The official story in contemporary Rwanda - where President Kagame undoubtedly has contributed to a conscious rewriting of history - is that it was the Akazu that stood behind President Habyarimana's assassination. These radical Hutus were against a power sharing deal agreed upon with Mr Kagame's Tutsi rebels in Arusha in 1993, and decided to get rid of the President and get on with the genocide they had planned.

But what if that is not true? What if President Kagame is covering up his own role from when he was commander of the Uganda-based Rwanda Patriotic Front (RPF) rebels. What if it was the RPF that wanted to get rid of President Habyarimana to avoid power sharing and grab total powers for themselves?

That would make Mr Kagame a coupist, for sure, but would it make him co-responsible for the genocide? Of course not. If based in Germany and trying to discuss whether the Jews were co-responsible for the Holocaust, one commits a criminal act, out of understandable reasons. This should not be different regarding the Rwandan genocide, because it was not the result of a war or an assassination, but of careful planning committed by Hutu extremists.

This has also been understood by the ICTR. Louise Arbour, when heading the Arusha tribunal, therefore ordered the court's prosecutor to stop investigations into the shooting down of President Habyarimana's plane. It was "not within the Tribunal's mandate," she said, acknowledging that the incident may have caused the Hutu extremists to start executing their genocide plan but that this plan was already developed and approved of.

The ICTR has failed to shed light on all the crucial details one needs to understand how the genocide was all planned and how the orders for its execution were given. But much is known about the detailed planning of the extremists in power in Kigali and their long preparation for the cruellest episode ever in African history. Enough to place guilt where it belongs.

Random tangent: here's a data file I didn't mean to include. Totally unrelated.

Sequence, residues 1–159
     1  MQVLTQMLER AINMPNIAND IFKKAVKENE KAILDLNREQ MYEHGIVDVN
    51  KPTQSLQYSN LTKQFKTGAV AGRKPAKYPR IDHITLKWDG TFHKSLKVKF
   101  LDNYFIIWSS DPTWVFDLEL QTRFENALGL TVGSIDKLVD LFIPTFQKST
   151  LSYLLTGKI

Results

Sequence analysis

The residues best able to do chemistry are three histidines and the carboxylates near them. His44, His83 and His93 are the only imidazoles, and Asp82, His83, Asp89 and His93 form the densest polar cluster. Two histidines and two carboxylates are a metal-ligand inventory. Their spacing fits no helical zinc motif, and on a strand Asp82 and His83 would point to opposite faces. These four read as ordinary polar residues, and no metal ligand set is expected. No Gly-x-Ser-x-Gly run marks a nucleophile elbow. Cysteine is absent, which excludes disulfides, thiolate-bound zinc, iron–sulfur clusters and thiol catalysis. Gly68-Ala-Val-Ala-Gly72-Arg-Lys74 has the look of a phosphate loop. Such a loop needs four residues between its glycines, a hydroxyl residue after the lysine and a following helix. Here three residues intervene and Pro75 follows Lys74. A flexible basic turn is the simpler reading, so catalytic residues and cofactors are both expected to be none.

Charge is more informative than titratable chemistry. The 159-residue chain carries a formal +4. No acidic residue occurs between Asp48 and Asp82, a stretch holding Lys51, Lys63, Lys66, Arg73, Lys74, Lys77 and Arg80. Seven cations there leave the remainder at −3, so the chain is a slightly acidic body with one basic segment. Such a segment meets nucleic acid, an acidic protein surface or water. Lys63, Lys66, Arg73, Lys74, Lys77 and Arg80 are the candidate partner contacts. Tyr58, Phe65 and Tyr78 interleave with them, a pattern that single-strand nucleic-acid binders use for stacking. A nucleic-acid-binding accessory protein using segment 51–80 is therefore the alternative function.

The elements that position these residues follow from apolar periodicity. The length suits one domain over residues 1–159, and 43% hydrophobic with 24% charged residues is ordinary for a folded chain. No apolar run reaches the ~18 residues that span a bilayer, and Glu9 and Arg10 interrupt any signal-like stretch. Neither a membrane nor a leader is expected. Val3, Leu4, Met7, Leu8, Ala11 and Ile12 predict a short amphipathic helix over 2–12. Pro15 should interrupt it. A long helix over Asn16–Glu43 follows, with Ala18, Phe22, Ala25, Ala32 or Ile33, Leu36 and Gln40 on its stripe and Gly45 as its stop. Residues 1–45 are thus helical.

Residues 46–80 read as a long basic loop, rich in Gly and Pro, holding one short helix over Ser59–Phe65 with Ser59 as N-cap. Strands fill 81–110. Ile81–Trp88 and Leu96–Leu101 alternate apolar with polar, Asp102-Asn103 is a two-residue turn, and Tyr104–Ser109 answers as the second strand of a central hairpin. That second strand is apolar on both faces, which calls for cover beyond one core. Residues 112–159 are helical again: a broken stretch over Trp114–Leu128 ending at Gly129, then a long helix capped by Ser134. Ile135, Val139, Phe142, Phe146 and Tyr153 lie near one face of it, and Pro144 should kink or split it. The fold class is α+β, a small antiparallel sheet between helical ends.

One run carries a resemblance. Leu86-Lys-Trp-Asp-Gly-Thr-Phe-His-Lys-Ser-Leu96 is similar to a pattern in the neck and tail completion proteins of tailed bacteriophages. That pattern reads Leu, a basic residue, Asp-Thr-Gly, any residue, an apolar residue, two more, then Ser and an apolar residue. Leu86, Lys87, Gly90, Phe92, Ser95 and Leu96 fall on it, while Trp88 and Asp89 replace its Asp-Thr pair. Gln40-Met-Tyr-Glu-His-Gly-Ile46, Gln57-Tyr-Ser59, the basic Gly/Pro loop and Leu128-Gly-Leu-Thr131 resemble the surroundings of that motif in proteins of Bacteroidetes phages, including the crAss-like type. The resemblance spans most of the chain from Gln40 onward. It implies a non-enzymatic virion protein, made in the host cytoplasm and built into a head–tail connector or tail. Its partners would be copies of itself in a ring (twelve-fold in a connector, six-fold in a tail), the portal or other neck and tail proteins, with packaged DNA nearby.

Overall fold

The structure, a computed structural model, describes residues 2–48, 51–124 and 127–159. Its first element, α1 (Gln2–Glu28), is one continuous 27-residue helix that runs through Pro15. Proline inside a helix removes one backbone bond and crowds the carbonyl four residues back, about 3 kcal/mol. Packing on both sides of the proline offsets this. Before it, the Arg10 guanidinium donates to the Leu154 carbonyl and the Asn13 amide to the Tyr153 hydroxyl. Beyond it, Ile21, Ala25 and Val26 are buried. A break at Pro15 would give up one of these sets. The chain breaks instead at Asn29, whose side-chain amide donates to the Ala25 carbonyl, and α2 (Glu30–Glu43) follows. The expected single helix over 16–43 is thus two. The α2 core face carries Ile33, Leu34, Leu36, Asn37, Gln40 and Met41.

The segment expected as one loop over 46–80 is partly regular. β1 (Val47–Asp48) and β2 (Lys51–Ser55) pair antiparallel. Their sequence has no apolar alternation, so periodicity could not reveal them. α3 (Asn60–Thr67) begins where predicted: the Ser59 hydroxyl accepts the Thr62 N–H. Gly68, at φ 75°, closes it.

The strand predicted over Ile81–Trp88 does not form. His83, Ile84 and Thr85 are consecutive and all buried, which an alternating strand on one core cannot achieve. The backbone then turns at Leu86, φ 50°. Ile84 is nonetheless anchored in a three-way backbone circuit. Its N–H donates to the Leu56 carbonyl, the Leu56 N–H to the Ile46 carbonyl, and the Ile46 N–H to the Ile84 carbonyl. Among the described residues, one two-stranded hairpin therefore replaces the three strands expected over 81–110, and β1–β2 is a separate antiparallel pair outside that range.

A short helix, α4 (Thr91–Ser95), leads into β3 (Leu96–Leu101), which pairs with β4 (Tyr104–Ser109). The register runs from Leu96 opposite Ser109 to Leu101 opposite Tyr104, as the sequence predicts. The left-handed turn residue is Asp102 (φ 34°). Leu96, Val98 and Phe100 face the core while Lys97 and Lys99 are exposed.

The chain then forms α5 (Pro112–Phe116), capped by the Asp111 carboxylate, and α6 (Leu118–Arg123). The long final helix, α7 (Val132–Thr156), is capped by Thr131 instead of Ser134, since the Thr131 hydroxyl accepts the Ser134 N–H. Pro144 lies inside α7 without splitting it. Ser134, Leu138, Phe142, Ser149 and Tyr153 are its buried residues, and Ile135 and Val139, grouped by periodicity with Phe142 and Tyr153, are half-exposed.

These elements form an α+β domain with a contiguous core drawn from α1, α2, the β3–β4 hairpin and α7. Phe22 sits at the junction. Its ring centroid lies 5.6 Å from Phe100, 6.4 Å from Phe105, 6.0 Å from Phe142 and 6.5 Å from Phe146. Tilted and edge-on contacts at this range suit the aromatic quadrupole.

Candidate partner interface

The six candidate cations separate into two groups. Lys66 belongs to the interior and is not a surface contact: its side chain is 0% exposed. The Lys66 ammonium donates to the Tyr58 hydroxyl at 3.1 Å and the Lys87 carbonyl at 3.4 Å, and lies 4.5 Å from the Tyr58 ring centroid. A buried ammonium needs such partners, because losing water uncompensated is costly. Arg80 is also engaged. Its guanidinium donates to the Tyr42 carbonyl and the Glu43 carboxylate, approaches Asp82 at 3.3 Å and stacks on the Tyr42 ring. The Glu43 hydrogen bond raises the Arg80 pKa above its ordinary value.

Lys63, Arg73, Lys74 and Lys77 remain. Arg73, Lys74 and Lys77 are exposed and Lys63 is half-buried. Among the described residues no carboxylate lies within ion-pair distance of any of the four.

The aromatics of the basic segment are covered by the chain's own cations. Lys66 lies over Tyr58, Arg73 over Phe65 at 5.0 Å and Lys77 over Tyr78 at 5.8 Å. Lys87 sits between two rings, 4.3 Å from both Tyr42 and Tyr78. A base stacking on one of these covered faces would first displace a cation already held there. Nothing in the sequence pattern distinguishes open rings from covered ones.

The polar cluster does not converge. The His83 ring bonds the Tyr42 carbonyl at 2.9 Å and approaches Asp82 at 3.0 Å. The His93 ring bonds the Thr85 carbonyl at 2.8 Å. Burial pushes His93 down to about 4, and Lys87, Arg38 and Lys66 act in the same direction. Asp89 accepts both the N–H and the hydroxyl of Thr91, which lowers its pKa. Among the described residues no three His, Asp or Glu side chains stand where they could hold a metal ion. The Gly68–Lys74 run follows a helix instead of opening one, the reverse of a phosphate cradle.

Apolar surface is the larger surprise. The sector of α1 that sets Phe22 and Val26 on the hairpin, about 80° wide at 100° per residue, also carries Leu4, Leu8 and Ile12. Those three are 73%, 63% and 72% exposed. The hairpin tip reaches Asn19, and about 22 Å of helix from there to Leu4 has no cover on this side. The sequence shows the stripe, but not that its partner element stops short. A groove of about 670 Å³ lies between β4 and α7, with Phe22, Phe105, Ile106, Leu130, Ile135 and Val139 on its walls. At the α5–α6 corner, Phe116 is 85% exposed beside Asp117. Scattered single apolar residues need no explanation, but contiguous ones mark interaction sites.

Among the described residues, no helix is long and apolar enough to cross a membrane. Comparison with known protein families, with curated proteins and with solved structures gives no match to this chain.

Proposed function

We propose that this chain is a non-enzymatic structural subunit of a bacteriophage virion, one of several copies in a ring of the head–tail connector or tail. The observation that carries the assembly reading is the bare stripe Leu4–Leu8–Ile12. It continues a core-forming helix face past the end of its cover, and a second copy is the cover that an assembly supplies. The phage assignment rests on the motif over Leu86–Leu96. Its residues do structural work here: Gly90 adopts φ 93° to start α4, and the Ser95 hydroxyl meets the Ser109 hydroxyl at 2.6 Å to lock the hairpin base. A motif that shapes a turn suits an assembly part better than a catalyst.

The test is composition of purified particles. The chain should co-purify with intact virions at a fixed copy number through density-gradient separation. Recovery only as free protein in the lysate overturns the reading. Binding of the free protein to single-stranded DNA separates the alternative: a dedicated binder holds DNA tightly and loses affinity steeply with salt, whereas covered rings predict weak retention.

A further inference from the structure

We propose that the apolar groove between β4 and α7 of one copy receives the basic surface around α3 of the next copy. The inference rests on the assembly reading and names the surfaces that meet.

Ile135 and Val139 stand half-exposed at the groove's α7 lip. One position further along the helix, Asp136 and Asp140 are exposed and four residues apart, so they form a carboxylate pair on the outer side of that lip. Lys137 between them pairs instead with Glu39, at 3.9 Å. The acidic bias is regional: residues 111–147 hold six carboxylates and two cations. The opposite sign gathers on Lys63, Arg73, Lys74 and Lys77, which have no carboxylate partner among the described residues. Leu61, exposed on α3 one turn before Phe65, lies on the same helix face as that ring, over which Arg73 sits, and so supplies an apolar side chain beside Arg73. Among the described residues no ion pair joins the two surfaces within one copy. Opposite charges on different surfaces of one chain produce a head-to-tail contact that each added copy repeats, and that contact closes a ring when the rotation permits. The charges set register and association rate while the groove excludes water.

Mr Kagame may have the blood of President Habyarimana, his Burundian counterpart and the airplane's partly French staff at his hands. This would however make him guilty of just another coup d'état in Africa in the 1990s. And - if interpreted very widely - of a terrorist attack; if interpreted more conservatively, of a political assassination that saw civilian victims. History and today's world is full of such, and although they should not be approved of, they are not prosecuted if not being part of systematic war crimes. Nobody accuses the RPF of that.

Rebel Kagame, while he may have stood behind the Habyarimana killing, later made more than up for himself. He led the RPF to victory over Rwanda's genocidal rulers without foreign help and as the outside world did nothing to stop the extremists from slaughtering around 800,000 civilians. Thanks to Mr Kagame and the RPF, there are still Tutsis in Rwanda and the genocide could be stopped before hundreds of thousands of more Rwandans were killed. And just that will for always be Mr Kagame's legacy.